Today, I received an email from the Parkinson’s Foundation that I found very helpful, especially in light of the fact that we have been living in the most unusual times.
First, there is a terrific column by Michael S. Okun, MD, Parkinson’s Foundation National Medical Director. Cover, Control, Contain: Navigating the Holidays with Parkinson’s has some great tips from a Facebook Live event “Navigating Parkinson’s and COVID-19” held in November.
Fighting Pandemic Fatigue
So many of us are reeling from Pandemic Fatigue that we either forget or choose not to do the things we need to do in order to stay healthy. Here in California, where we have just been locked down again with many more restrictions for at least the next 3 weeks, it is importat to acknowledge that we are vulnerable and must take safety precautions. We often forget to wear a mask when out of our homes, or stand in lines where we are much closer than 6 feet. What about Flu shots? A lot of people say they won’t get them this year because it won’t protect them from COVID-19. But if you get the flu and your immune system is weak, are you more likely to get sick if exposed to the virus? Getting sick with both can be deadly.
The one miracle that has happened this year is that several pharmaceutical companies have developed vaccines in record time that will soon be available to the public. Some of them have an effectiveness rate of 90% and higher, with little or no adverse reactions, which is pretty amazing. We know that medical personnel and first responders will be the first to get it and it may be several months before it is widely available to all. Talk to your doctor to see if you can get put on a priority list.
Gifts for a Person with Parkinson’s
I loved the second piece 16 Parkinson’s-Friendly Gifts. There are a lot of very good suggestions here and I would like to add a few more. Many of them are free or require an inexpensive subscription online.
- A subscription for audiobooks. As Parkinson’s progresses, it may become more difficult to read, even on a Kindle or similar device. You can buy books to download through apps like Audible or Chirp. Most libraries offer a wide range of digital content and much of it is free. All you need is a phone and an app to access just about anything you want to listen to..
- Give the gift of learning. A huge number of courses from world-class universities and corporations are available through Coursera, The Great Courses and other online platforms. Likewise, many universities offer classes online for their alumni. It should be easy to find something that will be of interest to your person with Parkinson’s (PwP).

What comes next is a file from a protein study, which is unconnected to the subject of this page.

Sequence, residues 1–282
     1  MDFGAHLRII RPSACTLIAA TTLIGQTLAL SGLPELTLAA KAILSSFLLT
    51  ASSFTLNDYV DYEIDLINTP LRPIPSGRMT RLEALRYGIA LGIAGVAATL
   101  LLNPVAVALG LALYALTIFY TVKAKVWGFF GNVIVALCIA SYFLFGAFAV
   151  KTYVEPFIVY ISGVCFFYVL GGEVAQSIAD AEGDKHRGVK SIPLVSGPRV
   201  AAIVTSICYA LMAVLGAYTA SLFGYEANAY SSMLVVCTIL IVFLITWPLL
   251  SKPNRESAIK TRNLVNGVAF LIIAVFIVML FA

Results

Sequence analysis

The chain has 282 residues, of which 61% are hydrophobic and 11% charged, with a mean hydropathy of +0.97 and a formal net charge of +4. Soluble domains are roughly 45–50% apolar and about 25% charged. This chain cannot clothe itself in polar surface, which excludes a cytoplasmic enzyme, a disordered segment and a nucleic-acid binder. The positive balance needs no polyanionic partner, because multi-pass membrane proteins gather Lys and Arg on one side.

- Learning a new language is great for the brain. Duolingo offers foreign language lessons in many different languages. All you need is a computer or smartphone to get started.
- Tour the world – virtually! Does your PwP miss traveling? Many tour companies offer virtual tours on-line. A quick search will find a virtual tour for wherever you want to go. You can make the experience even more fun by having a meal with food and music from the city or country you are visiting. Make it a total experience. You could even try speaking the language that you learned on Duolingo.
- Missing Parkinson’s exercise classes? Check with your PwP’s boxing, yoga, dance or other PD exercise classes to see if they are offering their classes through Zoom. It is a great way to connect with them again. Many of these classes are now being offered on a donation basis. Please support these instructors with a donation. Many of them are suffering from the closures of their gyms. This is a gift for them, too.
- A night out at the Opera or Theater. Virtually! Mr. Twitchy and I recently watched a very entertaining interactive magic show online offered by a local theater company. Friends joined us from their home and we all had a lot of fun. Check with your local theaters, symphonies, operas and other entertainment venues to see what is available. The Met Opera streams many of its operas nightly. You will have to purchase tickets or a subscription for access to many of these shows.
Get creative. The possibilities are mind-boggling. Many of these suggestions can become family or friend activities that you can do from the comfort of your homes. Just have fun. Remember, laughter increases the dopamine in our brains and that is the best gift can you give to a person with Parkinson’s.